New coal ash cleanup language was passed, to mixed reviews. Pollution restrictions affecting Triangle drinking water sources got delayed. Several regulation-busting proposals did not succeed.
By Catherine Clabby
North Carolina environmental groups, for the first time in years, are sounding sighs of relief at the end of the legislative session.
Environmentalists are applauding some — but not all — steps taken by legislators. In particular they favor requiring Duke Energy to provide new, permanent drinking water to people living near its coal ash waste.
In addition, substantial regulation rollbacks — all of them with potential human health implications — stalled on Jones Street, meaning they won’t become law this year.
“It was a good year. A lot of really, really bad bills did not pass,” said Brooks Rainey Pearson, an attorney and lobbyist for the Southern Environmental Law Center.
Many bills were considered, sometimes in multiple versions, so we’ll sum up both what did and what did not happen before legislators headed home last week.
Coal ash law revisions
Legislators during their annual work session tried two different times to write bills governing how Duke Energy should go about cleaning up 100 million tons of coal ash waste on 14 properties.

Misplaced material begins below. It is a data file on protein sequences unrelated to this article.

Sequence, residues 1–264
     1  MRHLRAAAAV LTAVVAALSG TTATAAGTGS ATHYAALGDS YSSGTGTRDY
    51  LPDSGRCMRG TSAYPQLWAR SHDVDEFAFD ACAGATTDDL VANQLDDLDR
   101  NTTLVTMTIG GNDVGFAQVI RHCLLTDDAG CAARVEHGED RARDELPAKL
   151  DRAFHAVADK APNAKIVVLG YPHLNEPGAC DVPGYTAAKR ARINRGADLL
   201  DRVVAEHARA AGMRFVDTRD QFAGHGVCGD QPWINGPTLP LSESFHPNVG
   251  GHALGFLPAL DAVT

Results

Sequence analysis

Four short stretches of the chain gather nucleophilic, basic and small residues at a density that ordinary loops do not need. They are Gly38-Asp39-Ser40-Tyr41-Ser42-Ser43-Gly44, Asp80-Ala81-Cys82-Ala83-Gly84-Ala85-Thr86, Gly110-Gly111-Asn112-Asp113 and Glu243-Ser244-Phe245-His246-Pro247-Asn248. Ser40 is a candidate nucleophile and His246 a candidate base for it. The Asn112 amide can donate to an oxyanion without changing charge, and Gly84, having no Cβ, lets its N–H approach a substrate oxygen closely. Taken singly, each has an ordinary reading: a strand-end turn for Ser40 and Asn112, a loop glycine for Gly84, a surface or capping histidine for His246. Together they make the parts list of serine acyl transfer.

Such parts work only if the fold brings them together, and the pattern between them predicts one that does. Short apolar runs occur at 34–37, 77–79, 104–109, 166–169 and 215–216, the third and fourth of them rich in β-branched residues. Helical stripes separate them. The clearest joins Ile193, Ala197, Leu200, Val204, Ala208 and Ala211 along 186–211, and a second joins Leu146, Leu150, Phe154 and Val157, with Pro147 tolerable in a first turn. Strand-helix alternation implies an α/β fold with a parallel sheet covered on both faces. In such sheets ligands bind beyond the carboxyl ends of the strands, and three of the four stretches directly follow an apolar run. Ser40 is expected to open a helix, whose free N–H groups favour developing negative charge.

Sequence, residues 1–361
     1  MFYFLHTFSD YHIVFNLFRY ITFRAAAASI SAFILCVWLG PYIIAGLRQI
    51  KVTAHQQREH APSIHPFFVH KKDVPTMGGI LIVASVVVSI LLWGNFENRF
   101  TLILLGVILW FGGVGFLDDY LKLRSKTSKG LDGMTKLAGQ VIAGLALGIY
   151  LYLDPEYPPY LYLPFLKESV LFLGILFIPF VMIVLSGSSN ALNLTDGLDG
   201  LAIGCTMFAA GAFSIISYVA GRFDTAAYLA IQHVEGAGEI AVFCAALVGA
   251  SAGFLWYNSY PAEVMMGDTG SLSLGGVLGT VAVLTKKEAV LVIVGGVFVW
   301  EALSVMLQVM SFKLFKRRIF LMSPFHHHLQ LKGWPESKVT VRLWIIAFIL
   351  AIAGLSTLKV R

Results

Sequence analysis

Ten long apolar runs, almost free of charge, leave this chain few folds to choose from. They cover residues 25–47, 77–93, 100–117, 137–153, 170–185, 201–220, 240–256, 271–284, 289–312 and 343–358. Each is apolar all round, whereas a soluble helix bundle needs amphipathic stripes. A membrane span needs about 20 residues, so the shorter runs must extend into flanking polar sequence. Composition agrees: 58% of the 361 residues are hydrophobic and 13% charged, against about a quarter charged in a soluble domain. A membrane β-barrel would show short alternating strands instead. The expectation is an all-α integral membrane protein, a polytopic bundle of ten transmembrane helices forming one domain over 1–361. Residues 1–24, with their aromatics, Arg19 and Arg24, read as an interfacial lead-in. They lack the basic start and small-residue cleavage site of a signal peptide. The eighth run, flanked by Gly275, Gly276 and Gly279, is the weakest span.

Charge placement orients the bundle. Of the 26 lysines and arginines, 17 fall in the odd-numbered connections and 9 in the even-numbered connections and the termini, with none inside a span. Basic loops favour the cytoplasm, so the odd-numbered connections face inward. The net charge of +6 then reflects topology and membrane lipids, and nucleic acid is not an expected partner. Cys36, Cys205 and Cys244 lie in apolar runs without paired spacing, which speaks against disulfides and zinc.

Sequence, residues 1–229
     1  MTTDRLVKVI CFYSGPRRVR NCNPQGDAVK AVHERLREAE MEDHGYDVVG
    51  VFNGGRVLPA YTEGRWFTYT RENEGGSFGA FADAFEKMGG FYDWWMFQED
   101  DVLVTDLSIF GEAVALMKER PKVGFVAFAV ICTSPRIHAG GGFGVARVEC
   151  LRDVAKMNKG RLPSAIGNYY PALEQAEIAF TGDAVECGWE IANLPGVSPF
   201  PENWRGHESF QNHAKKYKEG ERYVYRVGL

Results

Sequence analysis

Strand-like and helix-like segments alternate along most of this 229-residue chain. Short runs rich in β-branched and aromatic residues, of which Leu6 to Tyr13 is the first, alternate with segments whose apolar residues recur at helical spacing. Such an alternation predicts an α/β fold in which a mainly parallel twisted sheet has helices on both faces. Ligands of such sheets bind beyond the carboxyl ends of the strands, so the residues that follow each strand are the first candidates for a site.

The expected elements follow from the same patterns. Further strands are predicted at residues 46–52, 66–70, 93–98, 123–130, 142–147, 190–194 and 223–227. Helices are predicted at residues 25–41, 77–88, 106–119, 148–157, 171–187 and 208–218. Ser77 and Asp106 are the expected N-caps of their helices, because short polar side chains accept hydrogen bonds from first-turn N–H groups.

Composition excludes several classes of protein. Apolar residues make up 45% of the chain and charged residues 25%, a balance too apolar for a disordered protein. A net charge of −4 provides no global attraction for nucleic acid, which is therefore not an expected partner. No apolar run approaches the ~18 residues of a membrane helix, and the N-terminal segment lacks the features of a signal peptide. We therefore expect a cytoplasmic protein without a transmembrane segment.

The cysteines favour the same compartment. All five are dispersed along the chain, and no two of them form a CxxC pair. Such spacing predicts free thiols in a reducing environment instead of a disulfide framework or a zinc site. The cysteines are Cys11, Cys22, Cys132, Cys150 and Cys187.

(McCrory won a court battle against the original coal ash commission legislators created in 2014, successfully arguing it violated separation of powers under the North Carolina constitution.)
Under a new bill awaiting the governor’s signature, McCrory’s Department of Environmental Quality will supervise cleanup of waste stashed primarily in unlined pits at 14 utility properties. The law, supported by Duke Energy, includes explicit guidance to DEQ hammered out by legislative leaders, particularly in the Senate, and the executive branch.
Among the most significant provisions:
New Rules: Duke must provide the new drinking water supplies for families whose private wells might be fouled by coal ash chemicals. The new water lines should link to municipal water systems where possible.
When a stormwater pipe failed and tens of thousands of tons of coal ash poured into the Dan River in Feb. 2014, the importance of structural integrity at the impoundments was made crystal clear. So, lawmakers also ordered the company to repair any insufficient dam structures separating coal ash from waterways
Excavation: The new bill may make it more likely that Duke will be able to skip digging up coal ash at seven locations. Excavation is required at seven sites by the 2014 state Coal Ash Management Act and a state court ruling this year. But the new law allows DEQ to label all remaining sites low risk, a ranking that may not require excavation if Duke provides the new water supplies, makes needed repairs, and addresses other “relevant” issues.
The new law retains a requirement that the utility “restore” any groundwater or surface waters shown to be contaminated by coal ash waste. But gone are some risk assessment requirements from the original law, including evaluations of threats to public health and safety, data on the extent of soil and groundwater contamination, data on nearby drinking water sources, geological features that might promote the spread of contaminants, chemicals in the ground at different sites, and proximity to flood plains.